Quitting as a liquidator has yet to earn ArmstrongWily principal Andrew Wily a break. His attempt last month to resign as liquidator from 35 companies drew correspondence from ASIC querying whether the route by which he sought to convene the meetings of creditors might’ve invalidated his retirements and this week the regulator scored a win in the opening exchanges of its fight with the keen angler and pig shooter over his conduct as liquidator of Crystal Car Wash Cafe (Crystal).
It was back in January that ASIC announced it was seeking a judicial inquiry into the conduct of Wily and ex-ArmstrongWily partner David Hurst over Crystal, citing concerns around an alleged lack of independence; a failure to report suspected shadow directors and offences underlying suspected phoenix activity; and failing to adequately investigate the companies’ affairs.
The liquidations involve multiple entities, many of them labor hire companies that provided services to Crystal.Wily was involved in 2007 and again in 2009. On Monday it emerged during the hearing of an interlocutory application brought by ASIC that Wily’s defence will assert that the time ASIC’s taken to initiate action constitutes an inordinate delay and an abuse of process.
The court had convened to hear ASIC’s application to have set aside a notice to produce by which Wily sought to obtain all documents or recordings pertaining to ASIC’s decision to commence its investigation of Crystal.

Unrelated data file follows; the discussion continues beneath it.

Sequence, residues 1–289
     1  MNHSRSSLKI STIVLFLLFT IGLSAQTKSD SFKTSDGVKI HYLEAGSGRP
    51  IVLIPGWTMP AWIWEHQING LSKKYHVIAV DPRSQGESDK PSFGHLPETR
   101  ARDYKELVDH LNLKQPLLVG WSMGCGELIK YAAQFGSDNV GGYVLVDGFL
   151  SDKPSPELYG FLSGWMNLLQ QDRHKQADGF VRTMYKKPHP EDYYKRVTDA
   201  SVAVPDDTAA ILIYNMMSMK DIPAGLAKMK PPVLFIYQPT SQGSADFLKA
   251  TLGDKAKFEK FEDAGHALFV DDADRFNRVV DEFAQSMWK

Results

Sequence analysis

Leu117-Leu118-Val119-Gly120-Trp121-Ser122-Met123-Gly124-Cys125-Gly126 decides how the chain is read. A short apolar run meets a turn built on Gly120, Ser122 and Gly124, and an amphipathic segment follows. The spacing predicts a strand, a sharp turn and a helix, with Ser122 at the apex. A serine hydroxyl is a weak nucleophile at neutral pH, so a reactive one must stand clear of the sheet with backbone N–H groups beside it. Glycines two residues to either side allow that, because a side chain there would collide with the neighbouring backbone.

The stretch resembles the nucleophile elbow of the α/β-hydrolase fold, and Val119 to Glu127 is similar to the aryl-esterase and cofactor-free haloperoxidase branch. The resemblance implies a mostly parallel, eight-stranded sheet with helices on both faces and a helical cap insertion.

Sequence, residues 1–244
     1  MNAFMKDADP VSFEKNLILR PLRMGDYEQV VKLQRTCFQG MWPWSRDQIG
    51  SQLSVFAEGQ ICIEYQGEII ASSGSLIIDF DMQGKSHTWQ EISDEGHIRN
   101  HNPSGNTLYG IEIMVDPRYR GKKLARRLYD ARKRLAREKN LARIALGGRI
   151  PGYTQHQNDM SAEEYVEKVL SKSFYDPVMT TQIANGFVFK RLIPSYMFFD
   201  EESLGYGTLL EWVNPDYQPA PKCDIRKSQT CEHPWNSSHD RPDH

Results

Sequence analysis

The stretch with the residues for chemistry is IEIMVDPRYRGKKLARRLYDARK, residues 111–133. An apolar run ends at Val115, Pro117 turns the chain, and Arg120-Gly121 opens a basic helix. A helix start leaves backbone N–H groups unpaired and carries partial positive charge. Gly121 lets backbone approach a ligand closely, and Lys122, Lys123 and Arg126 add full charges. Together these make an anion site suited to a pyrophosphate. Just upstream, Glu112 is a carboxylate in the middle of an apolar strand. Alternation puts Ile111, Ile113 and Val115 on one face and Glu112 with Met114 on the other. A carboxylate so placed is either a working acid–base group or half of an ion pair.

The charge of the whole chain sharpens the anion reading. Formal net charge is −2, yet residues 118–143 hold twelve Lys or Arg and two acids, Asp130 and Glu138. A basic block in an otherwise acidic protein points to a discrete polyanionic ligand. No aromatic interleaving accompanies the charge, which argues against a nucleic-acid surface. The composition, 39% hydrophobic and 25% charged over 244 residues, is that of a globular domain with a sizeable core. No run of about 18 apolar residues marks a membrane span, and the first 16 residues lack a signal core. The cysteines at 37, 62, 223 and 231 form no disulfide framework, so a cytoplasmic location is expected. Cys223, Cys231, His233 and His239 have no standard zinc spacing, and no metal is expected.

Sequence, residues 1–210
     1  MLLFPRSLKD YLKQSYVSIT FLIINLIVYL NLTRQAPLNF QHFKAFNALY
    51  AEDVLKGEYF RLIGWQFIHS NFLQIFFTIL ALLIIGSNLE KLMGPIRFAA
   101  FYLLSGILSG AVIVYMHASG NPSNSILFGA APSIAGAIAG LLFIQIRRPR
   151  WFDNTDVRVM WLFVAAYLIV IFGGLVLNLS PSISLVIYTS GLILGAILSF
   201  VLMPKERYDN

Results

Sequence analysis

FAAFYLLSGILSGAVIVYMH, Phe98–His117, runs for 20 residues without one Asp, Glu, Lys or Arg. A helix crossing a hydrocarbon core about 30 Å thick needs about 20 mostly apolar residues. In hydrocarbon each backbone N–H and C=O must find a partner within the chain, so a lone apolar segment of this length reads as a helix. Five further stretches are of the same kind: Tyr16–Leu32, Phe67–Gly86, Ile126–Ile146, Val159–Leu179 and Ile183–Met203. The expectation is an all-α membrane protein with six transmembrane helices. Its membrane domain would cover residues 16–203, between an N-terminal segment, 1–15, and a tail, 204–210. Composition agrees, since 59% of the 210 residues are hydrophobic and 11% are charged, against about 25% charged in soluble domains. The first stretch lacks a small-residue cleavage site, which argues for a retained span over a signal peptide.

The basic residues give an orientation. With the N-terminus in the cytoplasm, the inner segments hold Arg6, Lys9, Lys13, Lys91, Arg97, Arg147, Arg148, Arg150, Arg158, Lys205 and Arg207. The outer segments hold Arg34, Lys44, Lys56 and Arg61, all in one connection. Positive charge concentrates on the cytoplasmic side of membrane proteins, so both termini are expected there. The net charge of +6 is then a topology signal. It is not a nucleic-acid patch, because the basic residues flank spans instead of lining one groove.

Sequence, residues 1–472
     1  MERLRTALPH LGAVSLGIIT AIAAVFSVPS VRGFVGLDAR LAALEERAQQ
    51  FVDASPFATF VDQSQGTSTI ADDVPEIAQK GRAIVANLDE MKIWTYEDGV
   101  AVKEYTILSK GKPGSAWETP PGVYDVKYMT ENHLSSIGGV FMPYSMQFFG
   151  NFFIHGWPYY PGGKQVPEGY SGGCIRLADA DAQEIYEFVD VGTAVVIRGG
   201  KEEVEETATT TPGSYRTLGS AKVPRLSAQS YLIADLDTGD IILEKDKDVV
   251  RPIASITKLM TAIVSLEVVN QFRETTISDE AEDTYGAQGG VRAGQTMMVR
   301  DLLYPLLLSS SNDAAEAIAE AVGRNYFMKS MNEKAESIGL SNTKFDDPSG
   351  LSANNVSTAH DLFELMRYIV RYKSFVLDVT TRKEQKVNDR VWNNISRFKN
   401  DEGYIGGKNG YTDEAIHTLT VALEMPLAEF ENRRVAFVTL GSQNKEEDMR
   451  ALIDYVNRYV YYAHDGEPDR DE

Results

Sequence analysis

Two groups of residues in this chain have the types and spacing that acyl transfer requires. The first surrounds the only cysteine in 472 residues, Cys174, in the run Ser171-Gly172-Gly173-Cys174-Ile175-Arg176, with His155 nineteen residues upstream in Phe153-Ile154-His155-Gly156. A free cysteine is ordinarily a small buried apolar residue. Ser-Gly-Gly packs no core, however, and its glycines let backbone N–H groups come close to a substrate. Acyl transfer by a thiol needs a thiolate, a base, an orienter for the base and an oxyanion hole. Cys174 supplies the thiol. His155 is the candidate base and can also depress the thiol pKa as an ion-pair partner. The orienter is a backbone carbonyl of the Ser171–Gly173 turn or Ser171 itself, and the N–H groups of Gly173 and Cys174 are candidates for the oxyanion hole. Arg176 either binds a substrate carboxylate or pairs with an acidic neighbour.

In its oral submissions ASIC questioned the relevance of the materials sought by Wily, branded his notice to produce a fishing expedition and asserted that the information he was after served no forensic purpose.
Wily’s barrister Farid Assaf, with long time Wily associate Paul Fury sitting behind, tried his best, arguing that with the absence of any pleading from ASIC and at this early stage of the proceedings that court had greater flexibility in deciding whether or not to commence an inquiry and it was to this that the information being sought by the notice to produce related.
“ASIC’s internal record will evidence the delay and the reasons for the delay,” Assaf said.
Unfortunately for his client Justice Black was having none of it. He said that “a certain lack of clarity” pervaded the defendant’s submission in relation to whether an abuse of process had or had not taken place, declined to accept the arguments against ASIC’s application to have the notice to produce set aside and ordered Wily to pay ASIC’s costs for the day.